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Microsoft further builds up Iowa's tech cred

David Pitt, Associated Press

DES MOINES, Iowa (AP) -- Microsoft announced plans Friday to build another massive data center in Iowa, which has attracted some of the biggest names in computer technology by exempting crucial ingredients for processing and storage from sales taxes as well as offering cheap electricity.

The Iowa Economic Development Authority approved $20 million in job creation tax incentives for Microsoft, which plans on spending more than $677 million to build the first phase a project in West Des Moines, near its existing data center. Additional phases could be added later. The company plans on hiring 29 workers.

It's the third major information technology company to invest more than $1 billion in Iowa in recent years. Facebook and Google also have chosen Iowa for data centers — large buildings that house thousands of refrigerator-sized racks of computer servers, processors, hard drives, and other equipment.

The developments are being spurred by a 2009 law specifically covering data centers exempts electricity, computers and other equipment from sales taxes, and another law from the same year that exempts computers and other equipment — cooling systems, cooling towers and equipment related to electricity distribution or management — from property taxes.

Typically, cities and counties also offer property tax breaks in addition to building streets to the sites.

"Right now we're seeing data centers at this level continuing to scale up across the globe," said Iowa Economic Development Director Debi Durham. "Legislation Iowa put in place many years ago is creating this business climate."

Sales tax breaks are important for these companies because they equip data centers with costly computer servers and other equipment that must be replaced every three years, said Mark Bramfitt, an industry consultant who focuses on data center energy use. A server can cost $2,000 and a data center can have 20,000 or 30,000 of them — sometimes more.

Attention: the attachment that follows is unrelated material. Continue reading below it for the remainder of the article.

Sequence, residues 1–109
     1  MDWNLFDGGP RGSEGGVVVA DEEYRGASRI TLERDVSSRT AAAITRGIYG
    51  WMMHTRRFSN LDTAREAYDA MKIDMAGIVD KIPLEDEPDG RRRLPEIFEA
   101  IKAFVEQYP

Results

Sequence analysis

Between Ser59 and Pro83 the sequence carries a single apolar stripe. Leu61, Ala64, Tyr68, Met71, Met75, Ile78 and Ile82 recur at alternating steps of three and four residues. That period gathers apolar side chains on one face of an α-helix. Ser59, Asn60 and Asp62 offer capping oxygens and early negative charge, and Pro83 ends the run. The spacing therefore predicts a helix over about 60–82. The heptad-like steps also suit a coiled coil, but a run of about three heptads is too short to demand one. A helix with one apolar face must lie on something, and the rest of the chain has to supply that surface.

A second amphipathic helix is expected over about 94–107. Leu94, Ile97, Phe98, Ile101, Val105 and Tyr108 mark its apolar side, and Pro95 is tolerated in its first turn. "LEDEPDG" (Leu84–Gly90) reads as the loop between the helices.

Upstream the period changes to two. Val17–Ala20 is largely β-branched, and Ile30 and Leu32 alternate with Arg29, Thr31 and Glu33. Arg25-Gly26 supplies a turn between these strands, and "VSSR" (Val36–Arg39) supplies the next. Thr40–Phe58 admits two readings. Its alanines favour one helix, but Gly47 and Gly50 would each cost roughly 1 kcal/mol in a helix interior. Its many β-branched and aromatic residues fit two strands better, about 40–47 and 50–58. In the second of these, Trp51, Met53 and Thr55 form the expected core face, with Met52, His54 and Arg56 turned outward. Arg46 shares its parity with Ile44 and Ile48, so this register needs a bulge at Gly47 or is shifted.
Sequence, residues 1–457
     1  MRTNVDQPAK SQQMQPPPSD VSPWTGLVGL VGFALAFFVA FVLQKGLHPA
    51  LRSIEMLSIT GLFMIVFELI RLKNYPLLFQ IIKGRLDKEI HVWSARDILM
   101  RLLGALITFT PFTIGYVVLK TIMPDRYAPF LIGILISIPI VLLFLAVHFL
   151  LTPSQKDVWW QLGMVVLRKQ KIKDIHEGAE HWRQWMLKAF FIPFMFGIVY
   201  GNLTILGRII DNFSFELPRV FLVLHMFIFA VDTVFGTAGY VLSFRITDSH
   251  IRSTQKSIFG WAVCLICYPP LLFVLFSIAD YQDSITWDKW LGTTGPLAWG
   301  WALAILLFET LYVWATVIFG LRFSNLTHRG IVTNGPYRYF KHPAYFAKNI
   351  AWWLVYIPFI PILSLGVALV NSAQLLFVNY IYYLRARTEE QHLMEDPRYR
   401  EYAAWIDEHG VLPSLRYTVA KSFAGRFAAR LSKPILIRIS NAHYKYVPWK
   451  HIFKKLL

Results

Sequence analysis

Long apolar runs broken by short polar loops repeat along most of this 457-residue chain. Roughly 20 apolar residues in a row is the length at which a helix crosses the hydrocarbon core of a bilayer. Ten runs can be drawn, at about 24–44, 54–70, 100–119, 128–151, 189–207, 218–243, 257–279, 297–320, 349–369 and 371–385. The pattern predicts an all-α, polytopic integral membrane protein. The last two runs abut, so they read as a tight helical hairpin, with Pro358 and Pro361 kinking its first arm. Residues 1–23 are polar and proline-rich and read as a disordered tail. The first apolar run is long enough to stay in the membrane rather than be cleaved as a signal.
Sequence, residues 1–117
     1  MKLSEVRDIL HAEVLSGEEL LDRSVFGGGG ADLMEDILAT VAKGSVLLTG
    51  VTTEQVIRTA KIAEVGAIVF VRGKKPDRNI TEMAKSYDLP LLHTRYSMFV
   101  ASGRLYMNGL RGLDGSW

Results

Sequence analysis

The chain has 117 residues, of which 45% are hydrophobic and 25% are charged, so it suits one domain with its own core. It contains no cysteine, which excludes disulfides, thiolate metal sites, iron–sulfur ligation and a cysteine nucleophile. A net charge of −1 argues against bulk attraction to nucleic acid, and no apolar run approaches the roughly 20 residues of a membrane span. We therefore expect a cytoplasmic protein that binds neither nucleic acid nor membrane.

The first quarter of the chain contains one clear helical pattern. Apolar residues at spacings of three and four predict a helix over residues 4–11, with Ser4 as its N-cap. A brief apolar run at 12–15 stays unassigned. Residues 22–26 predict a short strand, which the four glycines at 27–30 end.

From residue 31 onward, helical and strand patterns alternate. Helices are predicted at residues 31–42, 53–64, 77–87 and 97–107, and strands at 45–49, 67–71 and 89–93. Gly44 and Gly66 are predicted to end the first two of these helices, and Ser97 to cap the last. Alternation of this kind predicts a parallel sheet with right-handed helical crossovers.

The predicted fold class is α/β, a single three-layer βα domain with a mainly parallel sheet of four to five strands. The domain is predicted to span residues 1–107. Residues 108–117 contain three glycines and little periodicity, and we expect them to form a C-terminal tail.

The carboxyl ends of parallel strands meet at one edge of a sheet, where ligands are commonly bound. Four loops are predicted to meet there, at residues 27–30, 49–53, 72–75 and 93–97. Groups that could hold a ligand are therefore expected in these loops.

Microsoft has spent about $200 million on its existing data center on 40 acres in West Des Moines, which opened last year and employs about 50 workers. Construction on the new one nearby will begin late this year and is expected to be finished by the end of 2015.

Microsoft's total spending is expected to reach about $1.2 billion when finished, Durham said. Elsewhere in the state, Google has a $600 million data center in Council Bluffs and recently committed to a second $700 million center. And Facebook is building a $300 million center near Altoona but says it could triple the size of the project to exceed $1 billion.

Each company received additional state tax breaks for creating jobs, including $20 million for Microsoft's latest project.

Far from threats of earthquakes and hurricanes, Iowa is also considered a prime location because the state can offer abundant electricity at a reasonable cost, Bramfitt said. The large data centers being built today demand between 20 megawatts and 40 megawatts of electricity, enough to power between 15,000 and 30,000 homes.

"They're tremendous energy users," Bramfitt said. "They require the juice of a small town."

The average retail industrial price for power in Iowa was 5.21 cents per kilowatt-hour in 2011, the latest year for which comparable data was available from the U.S. Energy Information Administration. The only states with lower rates were Idaho and Utah, both at 5.10 cents per kilowatt-hour. The surrounding states of Illinois, Michigan, Minnesota, and Nebraska all had rates exceeding 6 cents a kilowatt-hour.

Iowa also leads the nation in percentage of power generated from wind energy — 25 percent from more than 2,800 wind turbines — which is important to companies such as Microsoft, Facebook and Google. Microsoft said it will buy renewable energy credits to offset carbon emissions from its new data center. Google in 2010 entered into a long-term agreement to buy wind energy from a central Iowa wind farm, and last year, it invested $75 million in another one.

Data centers are important to companies such as Microsoft because of the increased use of cloud computing. Cloud computing allows the companies to provide massive computer processing and storage of photos, music and other data for customers using smartphones and tablet computers. Microsoft, for example, says it offers 200 services over the Internet, including its search engine Bing and Microsoft Office 365. The company also says it will require significant expansion of data center servers for its Xbox Live video game system.

Other companies that are heavily investing in data centers around the country include Apple, Amazon and eBay.